# Beating Vieta’s Formula

Find an equation with integral coefficients whose roots are twice the roots of  $x^2-3x+2=0$. Did you ever encounter this type of problem? In this topic we will discuss how to treat this problem properly and I will teach you how to speed up your calculation.

Sample Problem 1:

Find an equation with integral coefficients whose roots are twice the roots of $x^2-3x+2=0$

Solution 1:

Factoring $x^2-3x+2=0$ we have $(x-1)(x-2)$ and the roots of this equation are 1 and 2. Since we are looking for another quadratic equation with roots twice of the given. The new roots must be 2 and 4.

The required equation is $(x-2)(x-4)=0$ and finally $x^2-6x+8=0$

That is easy if the given equation is factorable.

Solution 2:

Let a and b are the roots of equation $x^2-3x+2=0$

By, Vieta’s formula;

a+b = 3 and ab=8, since we are ask to get derive an equation twice the roots of given equation , the new equation must have the following properties,

a+b=6 and ab=8. Simply multiplying by 2.

The required Equation is $x^2-6x+8=0$

Solution 3:

Let x be the roots of the given equation and y be the roots of the new equation.

It is stated that the roots of new equation (y) is twice the roots of given equation (x) or

y = 2x. Solving for x, we have x=y/2

Now plug the value of x in the original equation.

$x^2-3x+2=0$

$(\displaystyle\frac{y}{2})^2-3(\frac{y}{2})+2=0$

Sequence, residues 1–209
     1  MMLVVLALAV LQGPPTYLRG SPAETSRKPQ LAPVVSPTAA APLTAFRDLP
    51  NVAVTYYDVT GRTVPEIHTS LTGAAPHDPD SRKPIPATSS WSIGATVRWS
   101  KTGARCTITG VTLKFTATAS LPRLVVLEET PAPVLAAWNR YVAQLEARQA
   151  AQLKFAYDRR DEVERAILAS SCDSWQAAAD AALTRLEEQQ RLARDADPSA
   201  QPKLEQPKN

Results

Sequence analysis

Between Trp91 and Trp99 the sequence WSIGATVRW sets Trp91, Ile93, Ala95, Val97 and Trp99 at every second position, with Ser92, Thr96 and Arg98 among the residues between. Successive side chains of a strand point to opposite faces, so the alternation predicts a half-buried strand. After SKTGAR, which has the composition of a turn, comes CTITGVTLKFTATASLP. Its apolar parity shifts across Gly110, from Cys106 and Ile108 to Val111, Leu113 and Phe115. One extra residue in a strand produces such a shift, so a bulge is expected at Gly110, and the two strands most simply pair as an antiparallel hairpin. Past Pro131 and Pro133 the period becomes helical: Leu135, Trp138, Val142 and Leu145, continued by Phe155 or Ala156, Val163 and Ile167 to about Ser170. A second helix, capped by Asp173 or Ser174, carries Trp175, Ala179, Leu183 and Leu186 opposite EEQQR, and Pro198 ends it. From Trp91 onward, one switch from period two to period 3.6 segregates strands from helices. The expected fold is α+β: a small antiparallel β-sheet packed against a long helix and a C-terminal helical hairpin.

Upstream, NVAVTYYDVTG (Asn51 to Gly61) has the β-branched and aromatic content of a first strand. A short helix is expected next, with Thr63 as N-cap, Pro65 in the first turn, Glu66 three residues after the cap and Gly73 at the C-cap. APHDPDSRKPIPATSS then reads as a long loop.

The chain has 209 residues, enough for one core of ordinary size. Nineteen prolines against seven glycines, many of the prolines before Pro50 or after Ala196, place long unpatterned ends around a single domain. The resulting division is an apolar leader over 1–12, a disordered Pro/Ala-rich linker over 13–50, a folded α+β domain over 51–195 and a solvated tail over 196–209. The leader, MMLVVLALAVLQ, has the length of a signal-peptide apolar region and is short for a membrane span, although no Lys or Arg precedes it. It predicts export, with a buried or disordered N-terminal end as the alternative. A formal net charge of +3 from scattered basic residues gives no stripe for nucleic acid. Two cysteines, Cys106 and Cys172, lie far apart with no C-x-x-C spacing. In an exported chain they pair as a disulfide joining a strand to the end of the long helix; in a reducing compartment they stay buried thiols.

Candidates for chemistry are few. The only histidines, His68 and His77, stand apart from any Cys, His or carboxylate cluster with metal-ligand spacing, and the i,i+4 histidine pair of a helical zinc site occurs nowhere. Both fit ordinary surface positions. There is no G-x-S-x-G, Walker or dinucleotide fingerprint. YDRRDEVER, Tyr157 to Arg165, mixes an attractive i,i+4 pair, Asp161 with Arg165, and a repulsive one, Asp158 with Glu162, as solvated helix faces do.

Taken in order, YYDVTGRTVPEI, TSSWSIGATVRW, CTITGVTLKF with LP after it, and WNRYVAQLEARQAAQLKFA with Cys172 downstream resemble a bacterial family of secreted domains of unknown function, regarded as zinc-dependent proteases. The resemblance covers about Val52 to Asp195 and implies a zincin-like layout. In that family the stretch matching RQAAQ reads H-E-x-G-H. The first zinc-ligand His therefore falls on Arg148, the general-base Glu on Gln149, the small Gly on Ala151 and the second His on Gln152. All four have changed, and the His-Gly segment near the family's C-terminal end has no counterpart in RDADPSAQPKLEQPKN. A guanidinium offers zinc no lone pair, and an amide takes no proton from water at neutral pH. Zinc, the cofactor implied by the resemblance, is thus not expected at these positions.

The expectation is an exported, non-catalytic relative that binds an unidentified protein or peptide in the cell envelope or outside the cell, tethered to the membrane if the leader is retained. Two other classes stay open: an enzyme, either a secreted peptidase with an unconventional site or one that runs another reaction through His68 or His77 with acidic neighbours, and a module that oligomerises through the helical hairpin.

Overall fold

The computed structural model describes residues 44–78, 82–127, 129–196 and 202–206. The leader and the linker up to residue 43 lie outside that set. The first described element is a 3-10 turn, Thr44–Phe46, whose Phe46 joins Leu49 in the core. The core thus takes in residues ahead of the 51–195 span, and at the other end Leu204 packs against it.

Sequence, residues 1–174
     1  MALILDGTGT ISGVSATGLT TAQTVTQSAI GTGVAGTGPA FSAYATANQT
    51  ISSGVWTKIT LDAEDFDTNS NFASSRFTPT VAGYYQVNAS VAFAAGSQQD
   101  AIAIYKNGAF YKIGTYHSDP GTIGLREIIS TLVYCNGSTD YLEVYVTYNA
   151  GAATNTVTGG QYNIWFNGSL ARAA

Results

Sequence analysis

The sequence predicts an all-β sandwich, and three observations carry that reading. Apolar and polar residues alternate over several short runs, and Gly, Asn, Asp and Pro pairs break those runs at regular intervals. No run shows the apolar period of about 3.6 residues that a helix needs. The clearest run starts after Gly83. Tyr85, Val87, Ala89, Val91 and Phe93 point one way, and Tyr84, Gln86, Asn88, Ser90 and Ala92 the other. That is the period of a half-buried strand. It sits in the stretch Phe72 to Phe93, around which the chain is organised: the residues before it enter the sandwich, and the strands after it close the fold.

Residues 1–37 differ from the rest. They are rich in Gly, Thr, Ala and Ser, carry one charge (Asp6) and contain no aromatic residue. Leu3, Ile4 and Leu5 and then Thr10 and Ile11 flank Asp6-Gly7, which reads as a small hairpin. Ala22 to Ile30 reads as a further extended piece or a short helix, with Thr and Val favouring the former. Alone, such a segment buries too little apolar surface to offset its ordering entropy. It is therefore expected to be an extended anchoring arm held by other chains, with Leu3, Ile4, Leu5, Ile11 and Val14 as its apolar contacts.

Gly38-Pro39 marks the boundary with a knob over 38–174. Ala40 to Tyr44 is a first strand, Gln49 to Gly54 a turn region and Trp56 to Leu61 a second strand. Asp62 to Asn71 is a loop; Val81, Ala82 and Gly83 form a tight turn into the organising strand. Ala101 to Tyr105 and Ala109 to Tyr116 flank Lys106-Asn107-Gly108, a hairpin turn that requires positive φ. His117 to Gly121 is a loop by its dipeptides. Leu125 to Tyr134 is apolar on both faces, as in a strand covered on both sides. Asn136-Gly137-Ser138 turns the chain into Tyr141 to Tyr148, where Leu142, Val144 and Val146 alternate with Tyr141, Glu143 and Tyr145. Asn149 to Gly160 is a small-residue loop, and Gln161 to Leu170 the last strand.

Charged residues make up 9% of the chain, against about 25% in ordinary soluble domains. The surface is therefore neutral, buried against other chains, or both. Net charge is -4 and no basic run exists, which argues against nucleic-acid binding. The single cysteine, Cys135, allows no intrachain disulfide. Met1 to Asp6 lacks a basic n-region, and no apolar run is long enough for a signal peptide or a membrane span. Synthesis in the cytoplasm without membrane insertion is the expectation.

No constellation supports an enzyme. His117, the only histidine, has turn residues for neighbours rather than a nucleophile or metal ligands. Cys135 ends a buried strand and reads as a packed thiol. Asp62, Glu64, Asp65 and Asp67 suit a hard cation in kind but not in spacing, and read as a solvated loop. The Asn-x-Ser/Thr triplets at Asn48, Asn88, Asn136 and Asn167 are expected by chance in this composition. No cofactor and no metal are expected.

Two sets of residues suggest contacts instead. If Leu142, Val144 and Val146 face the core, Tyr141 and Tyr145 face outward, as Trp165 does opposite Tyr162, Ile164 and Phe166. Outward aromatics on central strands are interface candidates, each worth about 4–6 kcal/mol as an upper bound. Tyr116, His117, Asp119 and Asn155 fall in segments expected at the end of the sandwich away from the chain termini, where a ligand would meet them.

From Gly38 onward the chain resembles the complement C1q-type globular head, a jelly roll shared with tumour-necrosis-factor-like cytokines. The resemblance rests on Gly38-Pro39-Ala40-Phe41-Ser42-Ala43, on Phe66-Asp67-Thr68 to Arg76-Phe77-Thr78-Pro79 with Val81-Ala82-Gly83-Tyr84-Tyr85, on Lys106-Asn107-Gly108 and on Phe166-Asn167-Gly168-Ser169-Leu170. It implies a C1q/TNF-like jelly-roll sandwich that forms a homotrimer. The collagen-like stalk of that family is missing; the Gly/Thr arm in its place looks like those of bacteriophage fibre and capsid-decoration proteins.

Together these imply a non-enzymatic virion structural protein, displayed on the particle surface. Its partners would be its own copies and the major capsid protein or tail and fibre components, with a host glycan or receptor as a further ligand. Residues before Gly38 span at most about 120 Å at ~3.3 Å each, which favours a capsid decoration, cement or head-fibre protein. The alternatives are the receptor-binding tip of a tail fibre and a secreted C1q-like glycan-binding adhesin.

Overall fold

$\displaystyle\frac{y^2}{4}-\displaystyle\frac{3y}{2}+2=0$
, and since we are ask for integral coefficient we will multiply the whole equation by 4 and interchange all y’s to x which will yield $x^2-6x+8=0$

Sample Problem 2:

Find an equation with integral coefficient whose roots are the squares of the roots of $x^2-x-4=0$

Solution:

Let y=x2 and x=√y

By substitution;

$x^2-x-4=0$

$(\sqrt{y})^2-\sqrt{y}-4=0$

$y-4=\sqrt{y}$

$(y-4)^2=(\sqrt{y})^2$

$y^2-8y+16=y$

$y^2-9y+16=0$

Interchange again y by x.

$x^2-9x+16=0$ this is the required equation

Sample Problem 3:

Find an equation with integral coefficient whose roots are the reciprocals of the roots of $2x^2+5x-9=0$

Solution:

Let y=1/x and x=1/y

By substitution;

$2(\frac{1}{y})^2+5(\frac{1}{y})-9=0$

$\frac{2}{y^2}+\frac{5}{y}-9=0$ , multiply y2 to equation

$2+5y-9y^2=0$

Interchange y by x;

$2+5x-9x^2=0$

Image Credit: wikipedia

### Dan

Blogger and a Math enthusiast. Has no interest in Mathematics until MMC came. Aside from doing math, he also loves to travel and watch movies.